The name may look very familiar, but despite sharing the same privacy angle, TorGuard has nothing to do with the Tor Project. Instead it's a company which offers a range of products, including an anonymous VPN plan for protecting your privacy while using torrents (which is where the "Tor" comes from).
Specs are good, with 3,000+ servers in 68 locations across 55 countries, OpenVPN/OpenConnect/WireGuard protocol support with multiple stealth options to avoid VPN blocking (OpenVPN obfuscation, Stunnel, OpenConnect, and Shadowsocks), custom apps for Windows, Mac, Android and iOS, and setup instructions for Linux, routers and more.
- Want to try TorGuard? Check out the website here
There's not a lot to report on the 'What's New' list, but TorGuard has recently made further WireGuard progress by adding support to its Windows, Mac and Linux apps. The company reports that 'Android and iOS apps will also feature WireGuard support in the coming weeks', and as that was a couple of months ago, this is hopefully coming soon.
Prices are reasonable at $9.99 a month, $6.66 on its quarterly plan, or $5 per month on both its 6-month and annual plans. That's not bad, but there's scope for saving a lot of money elsewhere. Sign up for a year with TorGuard and you'll pay $59.99 upfront, for instance; sign up for two years at Surfshark and you're asked for $59.66 for the first term, while right now Ivacy's five-year plan is just $69.99.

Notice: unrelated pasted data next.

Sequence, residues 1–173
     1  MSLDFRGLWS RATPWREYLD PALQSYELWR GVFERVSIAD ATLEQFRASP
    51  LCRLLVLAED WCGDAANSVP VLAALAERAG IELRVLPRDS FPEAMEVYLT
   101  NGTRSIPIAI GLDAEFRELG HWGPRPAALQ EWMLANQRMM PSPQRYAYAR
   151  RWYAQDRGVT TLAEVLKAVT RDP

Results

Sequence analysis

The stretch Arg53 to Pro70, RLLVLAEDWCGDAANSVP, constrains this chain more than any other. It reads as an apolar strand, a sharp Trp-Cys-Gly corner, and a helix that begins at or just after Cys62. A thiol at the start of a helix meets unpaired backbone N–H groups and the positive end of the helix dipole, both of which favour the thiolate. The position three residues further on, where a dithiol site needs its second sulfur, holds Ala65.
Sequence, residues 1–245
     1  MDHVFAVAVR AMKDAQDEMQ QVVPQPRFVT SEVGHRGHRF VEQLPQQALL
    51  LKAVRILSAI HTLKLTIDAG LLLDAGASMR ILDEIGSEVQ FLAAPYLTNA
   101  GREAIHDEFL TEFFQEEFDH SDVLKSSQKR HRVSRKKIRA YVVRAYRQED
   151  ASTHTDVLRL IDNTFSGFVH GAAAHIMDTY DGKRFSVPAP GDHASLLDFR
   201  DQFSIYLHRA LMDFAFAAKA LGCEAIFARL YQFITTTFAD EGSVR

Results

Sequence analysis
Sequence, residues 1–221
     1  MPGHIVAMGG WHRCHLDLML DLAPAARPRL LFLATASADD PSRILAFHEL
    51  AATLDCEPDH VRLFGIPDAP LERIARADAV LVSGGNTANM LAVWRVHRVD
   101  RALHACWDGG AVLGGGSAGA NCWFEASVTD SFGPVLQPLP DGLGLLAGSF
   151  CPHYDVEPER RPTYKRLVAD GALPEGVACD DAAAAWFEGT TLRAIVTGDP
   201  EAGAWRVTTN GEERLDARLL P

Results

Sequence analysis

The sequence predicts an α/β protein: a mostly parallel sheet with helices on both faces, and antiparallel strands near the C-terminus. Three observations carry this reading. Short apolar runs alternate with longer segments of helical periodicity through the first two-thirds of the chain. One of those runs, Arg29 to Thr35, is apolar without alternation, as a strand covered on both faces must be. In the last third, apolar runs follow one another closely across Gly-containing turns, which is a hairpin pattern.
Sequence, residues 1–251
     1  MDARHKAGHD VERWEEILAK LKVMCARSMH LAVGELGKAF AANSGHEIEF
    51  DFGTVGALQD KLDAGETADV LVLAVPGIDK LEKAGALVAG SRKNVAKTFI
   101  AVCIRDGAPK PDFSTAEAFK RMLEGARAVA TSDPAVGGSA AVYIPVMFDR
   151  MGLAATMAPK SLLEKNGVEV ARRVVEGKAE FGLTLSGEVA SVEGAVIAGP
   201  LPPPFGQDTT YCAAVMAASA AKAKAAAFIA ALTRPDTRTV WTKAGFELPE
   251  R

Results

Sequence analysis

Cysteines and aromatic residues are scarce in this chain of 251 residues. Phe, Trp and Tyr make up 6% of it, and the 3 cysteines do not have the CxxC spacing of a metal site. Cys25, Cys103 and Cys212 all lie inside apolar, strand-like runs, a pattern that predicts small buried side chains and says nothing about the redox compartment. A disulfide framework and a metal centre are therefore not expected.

TorGuard excels at add-ons, with options including streaming and residential IPs for multiple countries and US states, potentially allowing you to unblock just about anything in your destination country, from an extra $7.99 a month. NordVPN provides static IPs for $70 a year ($5.83 a month), while Ivacy asks a minimal $1.99 a month.
Access to TorGuard's 10Gbit 'Premium Network' is also available for an extra $7.99 a month. The company says this is 'designed to give... faster and more consistent speed' in UK, USA and Canada, but warns it that 'may or may not provide you with better speeds than our regular network and is highly dependent on client setup.'
TorGuard has a sort-of 7-day trial, but it's not quite like anything else we've seen.
It's only for users who currently have an account with another service, for instance. To prove that you must 'email your recent VPN bill from your current provider', perhaps giving away more personal information than you'd like. The company then says it will 'verify' your bill: what? How?
If you get the free week, and cancel your old VPN, and email 'proof' of the cancellation to TorGuard, and they verify that, you'll also get 30 days free on any VPN plan.
That's certainly more generous than most, but we'd prefer something simpler and less intrusive, even if it's just, say, a free 3-day trial for everyone.
If you do decide to sign up, there's support for paying via card, Bitcoin, gift cards, and many other payment types via Paymentwall (but not PayPal, unfortunately).